Lester Shubin

The chemist who saved lives with Kevlar

Lester Shubin


In the early 1970s, chemist Lester Shubin was working as a Justice Department researcher when he learned of a new substance developed by DuPont that was intended for use in tires. Called Kevlar, it was described as “stronger than steel, lighter than nylon.” With Nicholas Montanarelli, a project director at Maryland’s Aberdeen Proving Ground, Shubin wrapped some of the fabric several times around a phone book and shot it with a .38 handgun. The bullets didn’t go through. Kevlar was soon being incorporated into bulletproof vests that would go on to save the lives of thousands of law-enforcement officers.

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“Attempts at body armor had been around for thousands of years,” said The Washington Post. “Kevlar was different; it worked by deforming the bullet.” Shubin managed “to wrest $5 million in research money” from the Justice Department, and he and Montanarelli began developing prototypes. “They put their new vest over a gelatin mold to determine how a body might react to the impact of a handgun bullet, and then drafted, as test subjects, a series of unfortunate goats.” The results were impressive. But not until 1975—when “a Seattle police officer wearing a Kevlar vest walked in on an armed robbery in a convenience store and was shot at point-blank range” and survived—did other officers regularly don the vest.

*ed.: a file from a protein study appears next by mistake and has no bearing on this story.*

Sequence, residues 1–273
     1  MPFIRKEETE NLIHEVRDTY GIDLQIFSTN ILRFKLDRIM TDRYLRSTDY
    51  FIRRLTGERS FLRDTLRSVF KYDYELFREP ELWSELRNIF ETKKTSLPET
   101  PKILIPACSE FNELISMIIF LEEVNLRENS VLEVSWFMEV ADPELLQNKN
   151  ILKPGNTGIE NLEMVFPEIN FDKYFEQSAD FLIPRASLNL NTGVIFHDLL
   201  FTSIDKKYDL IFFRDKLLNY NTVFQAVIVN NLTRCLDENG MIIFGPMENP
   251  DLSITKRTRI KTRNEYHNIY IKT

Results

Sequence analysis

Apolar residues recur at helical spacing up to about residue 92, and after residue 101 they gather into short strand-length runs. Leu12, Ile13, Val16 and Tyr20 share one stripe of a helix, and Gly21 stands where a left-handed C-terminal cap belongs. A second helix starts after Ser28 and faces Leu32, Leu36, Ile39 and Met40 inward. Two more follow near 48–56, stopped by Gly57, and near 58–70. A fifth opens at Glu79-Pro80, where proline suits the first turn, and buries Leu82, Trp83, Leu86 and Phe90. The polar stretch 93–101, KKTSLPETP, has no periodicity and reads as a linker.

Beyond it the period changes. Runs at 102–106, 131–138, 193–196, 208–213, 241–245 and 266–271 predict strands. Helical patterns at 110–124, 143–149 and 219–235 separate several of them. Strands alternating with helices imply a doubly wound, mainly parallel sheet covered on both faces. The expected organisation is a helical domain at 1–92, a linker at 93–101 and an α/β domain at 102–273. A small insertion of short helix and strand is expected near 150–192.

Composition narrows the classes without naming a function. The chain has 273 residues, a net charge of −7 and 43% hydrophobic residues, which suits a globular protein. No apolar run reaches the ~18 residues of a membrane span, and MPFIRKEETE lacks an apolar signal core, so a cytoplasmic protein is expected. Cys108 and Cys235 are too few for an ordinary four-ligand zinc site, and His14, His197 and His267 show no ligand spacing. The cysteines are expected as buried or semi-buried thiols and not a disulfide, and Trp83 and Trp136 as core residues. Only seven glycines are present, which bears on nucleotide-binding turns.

Trained in chemistry at the University of Pennsylvania and Drexel University, Shubin settled in Washington, D.C., after World War II and worked for several high-tech companies before joining the government. Among his other accomplishments, said The New York Times, he hit upon using a converted Airstream trailer as a quarantine container for astronauts returning from the moon. He also pioneered the use of bomb-sniffing dogs. “We learned that basically any dog could find explosives or drugs, even very small dogs like Chihuahuas, whose size could be an advantage,” Shubin said. “Who’s going to look twice at someone in a fur coat carrying a dog?”

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